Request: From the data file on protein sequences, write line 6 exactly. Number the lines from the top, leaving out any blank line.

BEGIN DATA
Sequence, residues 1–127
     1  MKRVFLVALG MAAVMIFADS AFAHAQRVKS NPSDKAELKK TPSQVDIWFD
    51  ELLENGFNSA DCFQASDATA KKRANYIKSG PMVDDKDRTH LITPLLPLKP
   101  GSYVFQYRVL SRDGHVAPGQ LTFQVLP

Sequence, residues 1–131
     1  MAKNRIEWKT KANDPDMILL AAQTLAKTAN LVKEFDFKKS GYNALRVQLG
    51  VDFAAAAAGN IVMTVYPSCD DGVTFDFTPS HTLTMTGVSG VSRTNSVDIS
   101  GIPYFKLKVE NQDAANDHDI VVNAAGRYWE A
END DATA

     1  MAKNRIEWKT KANDPDMILL AAQTLAKTAN LVKEFDFKKS GYNALRVQLG